Pharmacy Educator Earns Prestigious New Investigator Award

Crumby recognized for excellence in research efforts with grant

OXFORD, Miss. – The American Association of Colleges of Pharmacy has recognized Ashley Crumby, instructional assistant professor in the University of Mississippi School of Pharmacy, with a 2023 New Investigator Award.

AACP annually awards researchers in the first five years of their careers to help them establish baseline data for a body of research work. The 2023 class of 15 researchers represents 15 colleges and universities across the country.

Awards are made for research that can influence patient outcomes, pharmacy practice and pharmacy education.

Pharmacy professor Ashley Crumby plans to use her AACP New Investigator Award to study how to make mentoring more effective for student pharmacists. Photo by Kevin Bain/Ole Miss Digital Imaging Services

Crumby received the designation for her project to measure “Factors Associated with Student Pharmacist Engagement in Mentoring Relationships.” The project will focus on mentorship and its role in students’ education and professional development.

“The goal of the project is to identify existing motivators and barriers that influence student pharmacists’ engagement in mentoring relationships – through one-on-one conversations, group discussions and, ultimately, a broader survey,” Crumby said.

“I am excited to get started with the research and am humbled to have even been selected.”

Crumby’s award puts a spotlight on an area of pharmacy education deserving of ongoing research, said Kris Harrell, associate dean for academic affairs and professor of pharmacy practice.

“This award is a big honor for an emerging leader in pharmacy education like Ashley, one that can serve as a springboard for other opportunities and future research recognition,” Harrell said.

Crumby looks to achieve three goals with her research:

  • Understand why students do not participate in mentoring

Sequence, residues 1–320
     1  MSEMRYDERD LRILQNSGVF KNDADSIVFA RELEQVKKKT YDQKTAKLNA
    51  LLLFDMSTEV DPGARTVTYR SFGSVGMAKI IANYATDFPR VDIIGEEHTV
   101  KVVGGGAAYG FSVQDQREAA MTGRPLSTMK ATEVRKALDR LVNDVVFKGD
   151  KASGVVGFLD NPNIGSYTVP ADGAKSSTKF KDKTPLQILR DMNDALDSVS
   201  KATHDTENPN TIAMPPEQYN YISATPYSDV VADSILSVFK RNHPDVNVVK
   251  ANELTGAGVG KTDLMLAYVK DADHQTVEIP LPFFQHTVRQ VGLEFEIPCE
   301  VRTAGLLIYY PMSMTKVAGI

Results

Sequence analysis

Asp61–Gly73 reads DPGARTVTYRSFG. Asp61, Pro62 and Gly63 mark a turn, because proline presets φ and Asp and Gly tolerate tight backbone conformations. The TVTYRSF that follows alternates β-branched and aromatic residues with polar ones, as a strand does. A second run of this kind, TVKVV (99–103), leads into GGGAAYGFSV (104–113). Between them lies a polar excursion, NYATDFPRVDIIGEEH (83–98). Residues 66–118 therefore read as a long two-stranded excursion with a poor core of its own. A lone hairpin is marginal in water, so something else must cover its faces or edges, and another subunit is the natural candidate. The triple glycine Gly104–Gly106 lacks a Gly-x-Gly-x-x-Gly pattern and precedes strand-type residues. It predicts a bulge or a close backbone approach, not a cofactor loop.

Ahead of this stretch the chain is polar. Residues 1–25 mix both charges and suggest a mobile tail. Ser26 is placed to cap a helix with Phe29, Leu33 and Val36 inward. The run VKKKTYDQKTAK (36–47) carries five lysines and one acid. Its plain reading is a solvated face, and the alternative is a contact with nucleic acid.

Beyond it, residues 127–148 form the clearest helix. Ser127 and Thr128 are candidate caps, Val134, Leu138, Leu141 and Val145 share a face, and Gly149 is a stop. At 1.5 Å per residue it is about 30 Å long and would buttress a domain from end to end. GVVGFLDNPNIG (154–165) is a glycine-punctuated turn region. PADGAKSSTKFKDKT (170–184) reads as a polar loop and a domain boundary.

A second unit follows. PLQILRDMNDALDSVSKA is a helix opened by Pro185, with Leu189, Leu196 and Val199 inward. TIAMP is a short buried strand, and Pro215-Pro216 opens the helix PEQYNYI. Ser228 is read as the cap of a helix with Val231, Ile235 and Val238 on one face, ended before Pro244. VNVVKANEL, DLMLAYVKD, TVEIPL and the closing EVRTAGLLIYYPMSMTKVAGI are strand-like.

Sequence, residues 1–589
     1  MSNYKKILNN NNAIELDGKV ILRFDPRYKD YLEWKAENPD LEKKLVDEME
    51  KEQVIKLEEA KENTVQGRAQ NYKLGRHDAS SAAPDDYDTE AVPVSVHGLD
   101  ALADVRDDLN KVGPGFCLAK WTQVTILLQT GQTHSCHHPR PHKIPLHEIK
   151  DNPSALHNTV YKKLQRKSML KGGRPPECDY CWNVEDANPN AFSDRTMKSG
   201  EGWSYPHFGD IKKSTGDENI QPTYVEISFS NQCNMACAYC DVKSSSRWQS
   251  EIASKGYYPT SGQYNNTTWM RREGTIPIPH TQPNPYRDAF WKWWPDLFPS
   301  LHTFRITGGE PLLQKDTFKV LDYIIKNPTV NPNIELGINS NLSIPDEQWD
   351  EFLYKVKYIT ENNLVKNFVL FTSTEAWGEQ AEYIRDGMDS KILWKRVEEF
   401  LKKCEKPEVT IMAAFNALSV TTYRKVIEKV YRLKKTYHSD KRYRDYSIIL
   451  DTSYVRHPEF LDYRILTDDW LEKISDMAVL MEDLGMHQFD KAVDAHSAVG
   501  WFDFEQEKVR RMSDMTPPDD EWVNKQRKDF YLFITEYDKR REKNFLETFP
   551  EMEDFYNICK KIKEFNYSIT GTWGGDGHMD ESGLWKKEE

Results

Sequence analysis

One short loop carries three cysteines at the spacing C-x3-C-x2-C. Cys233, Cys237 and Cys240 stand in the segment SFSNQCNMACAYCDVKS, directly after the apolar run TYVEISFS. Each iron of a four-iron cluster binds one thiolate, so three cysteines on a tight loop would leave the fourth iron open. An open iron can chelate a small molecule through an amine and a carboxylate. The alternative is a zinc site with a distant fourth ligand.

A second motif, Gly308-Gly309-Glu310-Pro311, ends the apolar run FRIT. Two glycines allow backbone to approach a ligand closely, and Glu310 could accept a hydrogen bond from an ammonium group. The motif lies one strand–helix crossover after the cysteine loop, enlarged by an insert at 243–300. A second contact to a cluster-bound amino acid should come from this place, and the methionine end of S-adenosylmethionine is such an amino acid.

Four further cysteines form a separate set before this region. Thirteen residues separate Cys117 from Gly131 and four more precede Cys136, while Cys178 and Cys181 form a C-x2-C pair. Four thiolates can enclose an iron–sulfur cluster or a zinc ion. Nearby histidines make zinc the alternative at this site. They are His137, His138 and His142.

• Share those findings with other pharmacy educators
  • Increase participation in the Ole Miss pharmacy school’s mentoring program

Student sentiment will be gauged through a survey with UM students and those at Belmont University in Nashville.

Kris Harrell

“We hope to identify which methods of mentorship best appeal to students, and this will lead to an expansion and enhancement of current mentorship opportunities,” Crumby said.

While every accredited pharmacy school is required to offer mentoring opportunities, many students choose not to participate or do not leverage opportunities as fully as possible. Crumby’s research seeks to find the disconnect between understanding of mentoring’s purpose and participation.

“We need to learn if students believe themselves adept at figuring out challenges and don’t need mentoring,” she said. “Or do they perceive mentoring as ‘extra help’ rather than the opportunity to develop a long-term relationship.

“This project should result in the development of mentoring programs, either structured or unstructured, that will appeal to student pharmacists and ultimately lead to increased engagement.”

Her research includes an involvement inventory to learn students’ thoughts on mentoring benefits and a self-perception scale to better understand nonparticipation factors.

“Because we currently understand so little about why some students engage and others do not, it seems certain that many opportunities for development – both professional and academic – are likely missed,” said Alicia Bouldin, associate dean for outcomes assessment and learning advancement.

Alicia Bouldin

Crumby’s research enhances her work for the school’s Pharmacy Rural, Diversity, Equity and Inclusivity, or PRUDENT, scholars and other academic achievement programs, Harrell said.

“Dr. Crumby has a passion for working with students and is a tremendous asset to the School of Pharmacy,” he said. “Her efforts in leading our academic achievement program have garnered campuswide and national attention, and her role in directing the mentorship activities in our PRUDENT scholars program has been invaluable.”

Bouldin noted that Crumby’s passion for supporting pharmacy student education started in her graduate education.

“Her previous research in the area of mentorship as a graduate student positioned her with a long list of potential topics for further exploration, like this one,” Bouldin said.

“Any answers she finds are likely to complement pharmacy education with actionable implications that may be quite timely and needed for all.”

Crumby earned a Ph.D. in pharmacy administration and Pharm.D. from Ole Miss, then completed a graduate residency in general pediatrics at Arkansas Children’s Hospital/University of Arkansas for Medical Sciences, followed by a second-year graduate residency in pediatric infectious diseases there.

After her residencies, she spent two years as a clinical assistant professor at Purdue University while practicing at Riley Hospital for Children, where she worked with pediatric HIV patients.